The portmap service is a dynamic port assignment daemon for RPC services such as NIS and NFS. It has weak authentication mechanisms and has the ability to assign a wide range of ports for the services it controls. For these reasons, it is difficult to secure.
If running RPC services, follow these basic rules.
It is important to use TCP wrappers to limit which networks or hosts have access to the portmap service since it has no built-in form of authentication.
Further, use only IP addresses when limiting access to the service. Avoid using hostnames, as they can be forged via DNS poisoning and other methods.
To further restrict access to the portmap service, it is a good idea to add IPTables rules to the server restricting access to specific networks.
Below is are two example IPTables commands that allow TCP connections to the portmap service (listening on port 111) from the 192.168.0/24 network and from the localhost (which is necessary for the sgi_fam service used by Nautilus). All other packets are dropped.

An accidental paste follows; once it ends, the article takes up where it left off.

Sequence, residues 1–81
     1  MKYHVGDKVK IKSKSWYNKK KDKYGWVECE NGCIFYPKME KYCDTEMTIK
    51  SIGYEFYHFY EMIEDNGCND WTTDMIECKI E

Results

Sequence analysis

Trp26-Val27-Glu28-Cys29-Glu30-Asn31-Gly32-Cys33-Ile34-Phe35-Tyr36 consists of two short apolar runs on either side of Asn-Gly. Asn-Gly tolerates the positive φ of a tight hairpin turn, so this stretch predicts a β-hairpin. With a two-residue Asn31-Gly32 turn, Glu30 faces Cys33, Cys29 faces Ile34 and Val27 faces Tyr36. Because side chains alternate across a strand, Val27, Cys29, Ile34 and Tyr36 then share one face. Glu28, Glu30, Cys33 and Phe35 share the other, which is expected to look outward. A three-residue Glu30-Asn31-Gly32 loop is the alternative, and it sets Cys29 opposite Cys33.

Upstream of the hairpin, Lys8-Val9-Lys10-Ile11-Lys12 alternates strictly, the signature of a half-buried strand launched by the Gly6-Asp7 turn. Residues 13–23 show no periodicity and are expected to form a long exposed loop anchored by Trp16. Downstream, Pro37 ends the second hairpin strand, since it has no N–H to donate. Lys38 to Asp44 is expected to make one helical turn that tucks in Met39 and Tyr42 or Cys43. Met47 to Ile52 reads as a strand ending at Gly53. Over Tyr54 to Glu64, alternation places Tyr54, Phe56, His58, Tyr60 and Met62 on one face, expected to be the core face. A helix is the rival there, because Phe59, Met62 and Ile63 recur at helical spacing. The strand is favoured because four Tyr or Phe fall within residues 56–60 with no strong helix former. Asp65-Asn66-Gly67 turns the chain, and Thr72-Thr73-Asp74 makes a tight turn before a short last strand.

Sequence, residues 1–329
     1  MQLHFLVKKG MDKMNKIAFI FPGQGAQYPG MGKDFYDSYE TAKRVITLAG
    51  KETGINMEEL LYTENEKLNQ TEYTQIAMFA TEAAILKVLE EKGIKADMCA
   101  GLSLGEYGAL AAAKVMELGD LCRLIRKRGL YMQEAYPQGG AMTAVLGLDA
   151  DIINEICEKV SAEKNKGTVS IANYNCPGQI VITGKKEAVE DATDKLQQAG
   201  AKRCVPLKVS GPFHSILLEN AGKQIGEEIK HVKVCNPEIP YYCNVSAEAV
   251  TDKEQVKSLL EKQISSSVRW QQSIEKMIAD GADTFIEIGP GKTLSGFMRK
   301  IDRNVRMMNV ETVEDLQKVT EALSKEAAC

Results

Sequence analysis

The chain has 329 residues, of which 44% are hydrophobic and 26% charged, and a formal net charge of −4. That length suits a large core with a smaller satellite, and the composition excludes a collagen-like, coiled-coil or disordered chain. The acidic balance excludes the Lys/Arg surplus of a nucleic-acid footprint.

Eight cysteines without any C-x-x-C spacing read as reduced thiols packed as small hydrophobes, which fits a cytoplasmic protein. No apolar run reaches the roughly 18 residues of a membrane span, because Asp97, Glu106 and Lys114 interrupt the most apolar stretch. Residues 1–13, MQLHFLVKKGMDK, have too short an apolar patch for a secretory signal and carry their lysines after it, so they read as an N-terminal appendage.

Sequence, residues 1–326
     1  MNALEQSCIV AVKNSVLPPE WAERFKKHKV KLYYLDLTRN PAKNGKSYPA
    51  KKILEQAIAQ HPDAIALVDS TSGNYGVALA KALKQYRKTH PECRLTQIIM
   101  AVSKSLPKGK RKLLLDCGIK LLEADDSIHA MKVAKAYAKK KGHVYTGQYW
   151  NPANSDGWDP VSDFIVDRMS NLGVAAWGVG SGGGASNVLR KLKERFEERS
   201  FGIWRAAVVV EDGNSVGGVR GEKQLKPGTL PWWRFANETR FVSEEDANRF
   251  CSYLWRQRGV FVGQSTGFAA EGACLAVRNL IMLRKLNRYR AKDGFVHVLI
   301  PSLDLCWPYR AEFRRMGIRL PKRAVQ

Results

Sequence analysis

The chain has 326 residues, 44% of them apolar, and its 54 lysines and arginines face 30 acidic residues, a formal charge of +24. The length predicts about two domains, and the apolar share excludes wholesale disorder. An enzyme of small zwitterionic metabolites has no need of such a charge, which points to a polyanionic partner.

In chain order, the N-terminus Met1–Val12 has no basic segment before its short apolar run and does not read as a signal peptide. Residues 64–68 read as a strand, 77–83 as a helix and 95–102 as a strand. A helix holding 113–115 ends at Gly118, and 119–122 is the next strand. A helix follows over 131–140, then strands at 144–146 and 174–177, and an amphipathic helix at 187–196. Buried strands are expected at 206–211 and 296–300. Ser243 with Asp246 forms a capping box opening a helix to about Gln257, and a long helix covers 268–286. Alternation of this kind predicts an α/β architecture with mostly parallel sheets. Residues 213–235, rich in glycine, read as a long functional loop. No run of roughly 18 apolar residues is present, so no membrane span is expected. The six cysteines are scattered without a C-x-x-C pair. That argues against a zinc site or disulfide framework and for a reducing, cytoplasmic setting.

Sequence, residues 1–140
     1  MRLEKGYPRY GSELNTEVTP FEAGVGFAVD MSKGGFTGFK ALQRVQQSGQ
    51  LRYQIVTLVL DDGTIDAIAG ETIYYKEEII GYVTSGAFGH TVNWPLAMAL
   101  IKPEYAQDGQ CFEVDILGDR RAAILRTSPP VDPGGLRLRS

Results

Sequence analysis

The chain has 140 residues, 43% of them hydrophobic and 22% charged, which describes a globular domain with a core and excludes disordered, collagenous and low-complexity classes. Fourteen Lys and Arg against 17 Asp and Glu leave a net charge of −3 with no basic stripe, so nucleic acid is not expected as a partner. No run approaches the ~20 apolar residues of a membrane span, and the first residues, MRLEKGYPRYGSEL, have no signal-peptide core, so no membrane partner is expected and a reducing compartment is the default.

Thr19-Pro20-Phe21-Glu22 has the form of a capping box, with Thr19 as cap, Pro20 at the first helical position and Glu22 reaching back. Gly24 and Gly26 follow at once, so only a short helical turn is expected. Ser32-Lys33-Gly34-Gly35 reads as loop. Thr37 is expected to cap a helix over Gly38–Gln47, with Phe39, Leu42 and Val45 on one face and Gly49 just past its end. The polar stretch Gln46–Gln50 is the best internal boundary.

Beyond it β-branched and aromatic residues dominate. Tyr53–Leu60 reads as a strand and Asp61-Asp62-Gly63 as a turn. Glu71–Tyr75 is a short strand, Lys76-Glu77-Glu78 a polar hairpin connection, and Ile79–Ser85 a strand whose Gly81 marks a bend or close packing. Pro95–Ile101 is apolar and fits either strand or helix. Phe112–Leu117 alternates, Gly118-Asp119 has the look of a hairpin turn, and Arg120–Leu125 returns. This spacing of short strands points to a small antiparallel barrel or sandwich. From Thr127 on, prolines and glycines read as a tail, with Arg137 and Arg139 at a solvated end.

iptables -A INPUT -p tcp -s! 192.168.0.0/24 --dport 111 -j DROP iptables -A INPUT -p tcp -s 127.0.0.1 --dport 111 -j ACCEPT
To similarly limit UDP traffic, use the following command.
iptables -A INPUT -p udp -s! 192.168.0.0/24 --dport 111 -j DROP
Refer to Chapter 7 Firewalls for more information about implementing firewalls with IPTables commands.